The Muscle Shoals project, however, required federal approval that Ford never received. (Congressmen seemed to have a problem with giving a messianic businessman control of a swath of the country.) So Ford decided to build his American utopia in Brazil.
The city he built in the middle of the Amazon was called Fordlandia, and its history is recounted in exquisite detail in Fordlandia: The Rise and Fall of Ford’s Forgotten Jungle City. The justification for Fordlandia was to grow rubber for the Ford Motor Company. But as author Greg Grandin makes clear, Ford’s real desire was to prove that he could transform a destitute area into thriving civilization.
In a series of directives, Ford ensured that the rubber plantation followed his vision of unifying small town America with industry. He mandated that all the workers live in well-ordered houses and tend their own flowerbeds and garden plots. He asked American employees to teach traditional dances. He ordered the building of a main street, and to satisfy Ford, his men taught local merchants to specialized in certain goods and act like American shopkeepers.
Fordlandia showed Ford at his best: He built a state-of-the-art hospital for workers and their families and refused to recreate the Amazon’s exploitative, feudal system of rubber tapping.
It also showed Ford at his worst: His efforts to control workers personal lives led to riots, and his poor management choices led to scenarios like two Ford men entrusted with procuring rubber seeds instead hiring prostitutes and embarking on a several week booze cruise.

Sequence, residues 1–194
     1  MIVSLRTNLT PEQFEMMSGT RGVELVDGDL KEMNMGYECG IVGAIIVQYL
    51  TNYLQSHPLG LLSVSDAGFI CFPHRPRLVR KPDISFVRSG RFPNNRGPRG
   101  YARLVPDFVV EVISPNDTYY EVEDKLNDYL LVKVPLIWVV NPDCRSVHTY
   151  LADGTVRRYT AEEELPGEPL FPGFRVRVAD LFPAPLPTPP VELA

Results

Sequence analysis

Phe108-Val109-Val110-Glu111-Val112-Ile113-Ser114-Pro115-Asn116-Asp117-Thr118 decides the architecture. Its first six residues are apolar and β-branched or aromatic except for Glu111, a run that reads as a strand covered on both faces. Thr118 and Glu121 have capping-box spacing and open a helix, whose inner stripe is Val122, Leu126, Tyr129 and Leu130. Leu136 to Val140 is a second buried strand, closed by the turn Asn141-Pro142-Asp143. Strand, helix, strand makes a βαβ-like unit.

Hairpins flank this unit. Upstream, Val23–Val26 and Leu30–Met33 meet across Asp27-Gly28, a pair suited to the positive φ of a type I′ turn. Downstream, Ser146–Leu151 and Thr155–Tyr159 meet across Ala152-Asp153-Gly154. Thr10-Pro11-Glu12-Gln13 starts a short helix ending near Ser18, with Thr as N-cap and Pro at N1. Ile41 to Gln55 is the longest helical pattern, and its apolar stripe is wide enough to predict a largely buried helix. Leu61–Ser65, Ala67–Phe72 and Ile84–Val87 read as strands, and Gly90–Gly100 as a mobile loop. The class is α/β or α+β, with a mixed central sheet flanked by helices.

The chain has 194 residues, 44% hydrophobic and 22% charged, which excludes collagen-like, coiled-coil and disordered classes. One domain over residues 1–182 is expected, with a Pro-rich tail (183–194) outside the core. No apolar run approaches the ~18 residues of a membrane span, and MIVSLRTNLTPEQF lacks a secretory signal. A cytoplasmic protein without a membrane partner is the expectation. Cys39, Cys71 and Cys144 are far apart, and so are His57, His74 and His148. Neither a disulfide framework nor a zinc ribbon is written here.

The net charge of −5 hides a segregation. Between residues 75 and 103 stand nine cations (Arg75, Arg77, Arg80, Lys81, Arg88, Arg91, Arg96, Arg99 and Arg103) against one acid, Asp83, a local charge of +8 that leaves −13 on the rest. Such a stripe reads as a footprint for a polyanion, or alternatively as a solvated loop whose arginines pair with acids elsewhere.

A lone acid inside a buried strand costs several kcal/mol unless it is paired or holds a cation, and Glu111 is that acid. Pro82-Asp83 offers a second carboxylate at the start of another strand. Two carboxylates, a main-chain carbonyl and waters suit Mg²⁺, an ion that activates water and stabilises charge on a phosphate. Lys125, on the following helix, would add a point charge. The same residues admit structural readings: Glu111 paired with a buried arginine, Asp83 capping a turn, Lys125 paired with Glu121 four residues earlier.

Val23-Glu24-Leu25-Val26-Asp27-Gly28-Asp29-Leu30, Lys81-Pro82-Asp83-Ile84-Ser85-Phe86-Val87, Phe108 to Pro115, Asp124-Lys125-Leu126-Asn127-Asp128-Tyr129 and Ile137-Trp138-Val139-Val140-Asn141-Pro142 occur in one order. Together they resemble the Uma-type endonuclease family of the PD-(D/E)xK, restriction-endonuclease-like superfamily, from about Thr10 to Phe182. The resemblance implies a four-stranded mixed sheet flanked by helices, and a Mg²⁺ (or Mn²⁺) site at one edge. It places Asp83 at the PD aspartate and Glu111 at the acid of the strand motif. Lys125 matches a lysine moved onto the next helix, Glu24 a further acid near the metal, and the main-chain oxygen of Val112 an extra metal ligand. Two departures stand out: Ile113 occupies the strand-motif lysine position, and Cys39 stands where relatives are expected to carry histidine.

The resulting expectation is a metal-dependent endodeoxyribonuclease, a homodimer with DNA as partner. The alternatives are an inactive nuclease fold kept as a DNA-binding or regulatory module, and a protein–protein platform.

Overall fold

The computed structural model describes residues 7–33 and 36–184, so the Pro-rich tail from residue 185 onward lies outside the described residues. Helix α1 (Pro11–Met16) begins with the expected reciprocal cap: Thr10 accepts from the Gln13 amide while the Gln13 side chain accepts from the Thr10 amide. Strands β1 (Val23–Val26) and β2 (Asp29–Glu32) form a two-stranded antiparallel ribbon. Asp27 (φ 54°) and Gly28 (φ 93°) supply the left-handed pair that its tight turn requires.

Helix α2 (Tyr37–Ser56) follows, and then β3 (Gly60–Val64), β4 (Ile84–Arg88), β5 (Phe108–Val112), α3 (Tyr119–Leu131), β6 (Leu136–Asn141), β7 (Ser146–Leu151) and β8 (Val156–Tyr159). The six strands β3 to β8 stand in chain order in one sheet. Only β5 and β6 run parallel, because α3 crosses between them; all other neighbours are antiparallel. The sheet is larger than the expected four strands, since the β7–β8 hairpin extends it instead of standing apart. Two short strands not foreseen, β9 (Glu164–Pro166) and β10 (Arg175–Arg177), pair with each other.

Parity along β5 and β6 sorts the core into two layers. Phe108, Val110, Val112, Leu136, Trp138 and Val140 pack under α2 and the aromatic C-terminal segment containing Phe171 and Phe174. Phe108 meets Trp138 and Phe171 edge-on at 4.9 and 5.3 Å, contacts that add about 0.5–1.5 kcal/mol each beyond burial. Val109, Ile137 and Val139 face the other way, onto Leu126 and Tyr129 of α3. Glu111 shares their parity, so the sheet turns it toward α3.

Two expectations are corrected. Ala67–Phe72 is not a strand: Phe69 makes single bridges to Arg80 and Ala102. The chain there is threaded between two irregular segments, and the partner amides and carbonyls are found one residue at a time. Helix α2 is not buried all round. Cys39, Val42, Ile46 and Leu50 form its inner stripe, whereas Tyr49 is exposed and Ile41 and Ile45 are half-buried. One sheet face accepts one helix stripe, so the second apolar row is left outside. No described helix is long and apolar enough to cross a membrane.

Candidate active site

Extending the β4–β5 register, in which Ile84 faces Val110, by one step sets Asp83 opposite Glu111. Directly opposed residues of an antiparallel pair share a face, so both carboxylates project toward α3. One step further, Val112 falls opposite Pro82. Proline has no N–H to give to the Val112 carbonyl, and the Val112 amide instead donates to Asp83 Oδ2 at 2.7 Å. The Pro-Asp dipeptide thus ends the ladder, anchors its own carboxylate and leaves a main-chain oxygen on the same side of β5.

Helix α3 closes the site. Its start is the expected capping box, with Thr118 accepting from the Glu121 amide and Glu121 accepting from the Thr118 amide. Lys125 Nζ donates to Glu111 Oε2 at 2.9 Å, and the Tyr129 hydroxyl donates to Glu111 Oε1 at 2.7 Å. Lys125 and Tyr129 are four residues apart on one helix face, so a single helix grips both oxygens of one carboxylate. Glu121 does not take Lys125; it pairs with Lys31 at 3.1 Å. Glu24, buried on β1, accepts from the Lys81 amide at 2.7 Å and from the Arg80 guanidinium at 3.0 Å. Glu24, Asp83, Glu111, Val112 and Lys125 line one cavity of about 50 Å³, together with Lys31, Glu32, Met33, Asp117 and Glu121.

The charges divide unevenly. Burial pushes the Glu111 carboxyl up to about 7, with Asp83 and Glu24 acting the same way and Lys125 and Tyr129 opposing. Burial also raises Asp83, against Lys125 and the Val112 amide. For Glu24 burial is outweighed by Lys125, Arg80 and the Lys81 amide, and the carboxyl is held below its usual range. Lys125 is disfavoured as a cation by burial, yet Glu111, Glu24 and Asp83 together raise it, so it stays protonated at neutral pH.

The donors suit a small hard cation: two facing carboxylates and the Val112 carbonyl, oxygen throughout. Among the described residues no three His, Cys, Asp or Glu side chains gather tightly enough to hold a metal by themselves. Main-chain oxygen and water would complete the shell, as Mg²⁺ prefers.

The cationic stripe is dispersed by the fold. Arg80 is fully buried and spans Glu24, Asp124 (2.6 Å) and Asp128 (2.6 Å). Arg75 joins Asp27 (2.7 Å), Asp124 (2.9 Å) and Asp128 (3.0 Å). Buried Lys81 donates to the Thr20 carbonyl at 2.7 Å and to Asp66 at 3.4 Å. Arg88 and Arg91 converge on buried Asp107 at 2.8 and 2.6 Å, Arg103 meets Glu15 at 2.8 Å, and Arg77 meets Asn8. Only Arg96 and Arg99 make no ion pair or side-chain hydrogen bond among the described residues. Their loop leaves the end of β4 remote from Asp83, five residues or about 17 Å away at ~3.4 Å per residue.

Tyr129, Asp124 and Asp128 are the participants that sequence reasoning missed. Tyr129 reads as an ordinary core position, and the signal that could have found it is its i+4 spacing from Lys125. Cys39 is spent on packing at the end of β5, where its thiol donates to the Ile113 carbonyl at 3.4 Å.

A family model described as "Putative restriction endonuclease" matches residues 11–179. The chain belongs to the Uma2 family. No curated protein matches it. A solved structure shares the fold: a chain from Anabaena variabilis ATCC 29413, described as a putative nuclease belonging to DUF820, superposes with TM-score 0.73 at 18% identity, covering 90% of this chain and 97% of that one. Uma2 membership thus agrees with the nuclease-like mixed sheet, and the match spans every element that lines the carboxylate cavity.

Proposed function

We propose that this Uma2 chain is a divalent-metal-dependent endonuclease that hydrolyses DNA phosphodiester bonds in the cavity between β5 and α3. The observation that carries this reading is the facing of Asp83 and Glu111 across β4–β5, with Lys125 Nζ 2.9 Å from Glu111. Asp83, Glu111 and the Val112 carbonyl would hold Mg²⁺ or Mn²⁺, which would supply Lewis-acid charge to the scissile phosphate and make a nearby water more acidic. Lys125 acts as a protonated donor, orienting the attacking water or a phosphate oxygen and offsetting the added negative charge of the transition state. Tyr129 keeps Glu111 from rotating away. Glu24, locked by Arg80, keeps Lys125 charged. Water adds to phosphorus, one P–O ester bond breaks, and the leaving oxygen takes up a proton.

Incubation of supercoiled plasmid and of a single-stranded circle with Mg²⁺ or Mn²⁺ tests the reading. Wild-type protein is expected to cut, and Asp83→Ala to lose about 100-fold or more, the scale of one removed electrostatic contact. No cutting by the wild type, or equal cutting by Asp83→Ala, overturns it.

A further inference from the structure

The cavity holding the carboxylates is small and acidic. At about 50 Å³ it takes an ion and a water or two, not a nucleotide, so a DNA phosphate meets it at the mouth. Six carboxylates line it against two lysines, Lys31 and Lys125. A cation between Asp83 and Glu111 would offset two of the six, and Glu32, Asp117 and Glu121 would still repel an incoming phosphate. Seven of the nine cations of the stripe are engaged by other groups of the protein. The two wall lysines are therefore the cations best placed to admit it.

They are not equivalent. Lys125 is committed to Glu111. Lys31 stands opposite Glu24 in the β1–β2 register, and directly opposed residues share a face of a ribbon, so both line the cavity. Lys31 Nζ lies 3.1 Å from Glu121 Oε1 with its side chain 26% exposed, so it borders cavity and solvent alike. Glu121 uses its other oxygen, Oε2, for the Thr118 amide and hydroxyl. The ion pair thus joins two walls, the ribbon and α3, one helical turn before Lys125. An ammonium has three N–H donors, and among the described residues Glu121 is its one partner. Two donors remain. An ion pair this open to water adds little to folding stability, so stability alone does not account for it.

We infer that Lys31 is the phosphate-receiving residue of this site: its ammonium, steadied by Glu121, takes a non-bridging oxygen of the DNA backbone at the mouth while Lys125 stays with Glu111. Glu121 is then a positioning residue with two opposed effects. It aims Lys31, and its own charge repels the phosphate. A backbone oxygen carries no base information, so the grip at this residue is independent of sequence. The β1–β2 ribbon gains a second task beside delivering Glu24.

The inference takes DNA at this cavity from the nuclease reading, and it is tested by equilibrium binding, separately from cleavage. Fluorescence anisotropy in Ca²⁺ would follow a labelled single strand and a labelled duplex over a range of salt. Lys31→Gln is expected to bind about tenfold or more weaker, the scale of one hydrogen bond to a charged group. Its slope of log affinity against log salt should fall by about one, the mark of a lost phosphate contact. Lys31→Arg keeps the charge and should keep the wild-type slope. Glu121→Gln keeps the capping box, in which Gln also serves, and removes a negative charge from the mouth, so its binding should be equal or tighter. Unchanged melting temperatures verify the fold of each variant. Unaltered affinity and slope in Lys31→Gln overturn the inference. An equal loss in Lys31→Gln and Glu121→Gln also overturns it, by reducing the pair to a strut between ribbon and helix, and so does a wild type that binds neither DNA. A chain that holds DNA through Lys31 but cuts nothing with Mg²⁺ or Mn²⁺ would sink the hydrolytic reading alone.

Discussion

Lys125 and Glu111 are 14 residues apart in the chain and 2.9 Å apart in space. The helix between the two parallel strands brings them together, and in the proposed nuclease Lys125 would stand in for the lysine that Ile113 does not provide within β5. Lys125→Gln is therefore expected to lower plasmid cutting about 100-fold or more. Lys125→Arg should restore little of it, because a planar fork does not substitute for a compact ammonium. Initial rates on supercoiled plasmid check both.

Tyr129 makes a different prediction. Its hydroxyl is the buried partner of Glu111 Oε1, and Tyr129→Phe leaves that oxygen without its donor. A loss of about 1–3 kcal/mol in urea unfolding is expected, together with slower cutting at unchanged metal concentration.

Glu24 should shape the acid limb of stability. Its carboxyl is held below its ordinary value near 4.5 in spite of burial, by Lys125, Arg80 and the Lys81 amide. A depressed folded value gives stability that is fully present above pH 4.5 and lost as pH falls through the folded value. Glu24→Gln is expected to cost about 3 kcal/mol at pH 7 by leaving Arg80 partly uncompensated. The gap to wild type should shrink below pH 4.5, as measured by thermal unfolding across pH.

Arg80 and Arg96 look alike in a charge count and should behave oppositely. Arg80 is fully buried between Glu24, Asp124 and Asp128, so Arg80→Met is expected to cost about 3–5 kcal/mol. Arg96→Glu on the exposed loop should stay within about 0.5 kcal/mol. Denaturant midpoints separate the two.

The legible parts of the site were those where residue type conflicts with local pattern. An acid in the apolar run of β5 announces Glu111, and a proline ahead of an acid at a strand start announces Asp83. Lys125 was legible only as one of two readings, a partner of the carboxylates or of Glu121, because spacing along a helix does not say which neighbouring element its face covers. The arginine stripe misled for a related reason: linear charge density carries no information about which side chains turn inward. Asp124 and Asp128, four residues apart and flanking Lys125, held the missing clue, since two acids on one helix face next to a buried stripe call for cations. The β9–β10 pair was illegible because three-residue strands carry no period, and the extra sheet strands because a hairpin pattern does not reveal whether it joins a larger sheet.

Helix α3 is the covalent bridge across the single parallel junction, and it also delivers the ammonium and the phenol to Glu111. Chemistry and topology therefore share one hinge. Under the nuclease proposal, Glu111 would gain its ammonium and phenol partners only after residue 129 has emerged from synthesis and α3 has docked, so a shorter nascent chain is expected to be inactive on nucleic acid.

But Fordlandia was undermined from the start by Ford’s distrust of experts. He put his personal secretary, a trained banker, in charge of choosing a location to grow rubber, and his secretary chose the Amazon—the one place that any botanist would have rejected. Rubber could be grown on plantations in Southeast Asia, where it was not plagued by the predators that co-evolved with rubber trees in the Amazon. In Fordlandia, however, growing rubber trees in tight rows only made it more efficient for fungi and insect infestations to destroy the crop. For years, the workers fought a losing war against nature.
Ford’s utopian city never had a chance.
Looking back at Fordlandia, Muscle Shoals, and Ford’s Village Industries is a cautionary tale about would-be saviors.
Of the three, Muscle Shoals was the most successful. While the government rejected Ford’s proposal, his ideas became the basis for the Tennessee Valley Authority, a central program of the New Deal that improved farming practices and provided cheap electricity to areas like Muscle Shoals.